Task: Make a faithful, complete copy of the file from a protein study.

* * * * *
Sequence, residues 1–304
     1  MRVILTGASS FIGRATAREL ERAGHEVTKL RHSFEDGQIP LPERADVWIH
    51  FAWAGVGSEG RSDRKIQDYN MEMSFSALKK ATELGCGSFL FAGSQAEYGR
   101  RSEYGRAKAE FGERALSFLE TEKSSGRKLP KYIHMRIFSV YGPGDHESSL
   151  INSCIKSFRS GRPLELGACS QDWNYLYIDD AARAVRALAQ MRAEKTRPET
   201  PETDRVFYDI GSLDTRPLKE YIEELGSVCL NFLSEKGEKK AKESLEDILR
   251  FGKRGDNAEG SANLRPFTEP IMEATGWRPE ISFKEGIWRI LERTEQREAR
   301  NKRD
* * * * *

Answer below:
Sequence, residues 1–304
     1  MRVILTGASS FIGRATAREL ERAGHEVTKL RHSFEDGQIP LPERADVWIH
    51  FAWAGVGSEG RSDRKIQDYN MEMSFSALKK ATELGCGSFL FAGSQAEYGR
   101  RSEYGRAKAE FGERALSFLE TEKSSGRKLP KYIHMRIFSV YGPGDHESSL
   151  INSCIKSFRS GRPLELGACS QDWNYLYIDD AARAVRALAQ MRAEKTRPET
   201  PETDRVFYDI GSLDTRPLKE YIEELGSVCL NFLSEKGEKK AKESLEDILR
   251  FGKRGDNAEG SANLRPFTEP IMEATGWRPE ISFKEGIWRI LERTEQREAR
   301  NKRD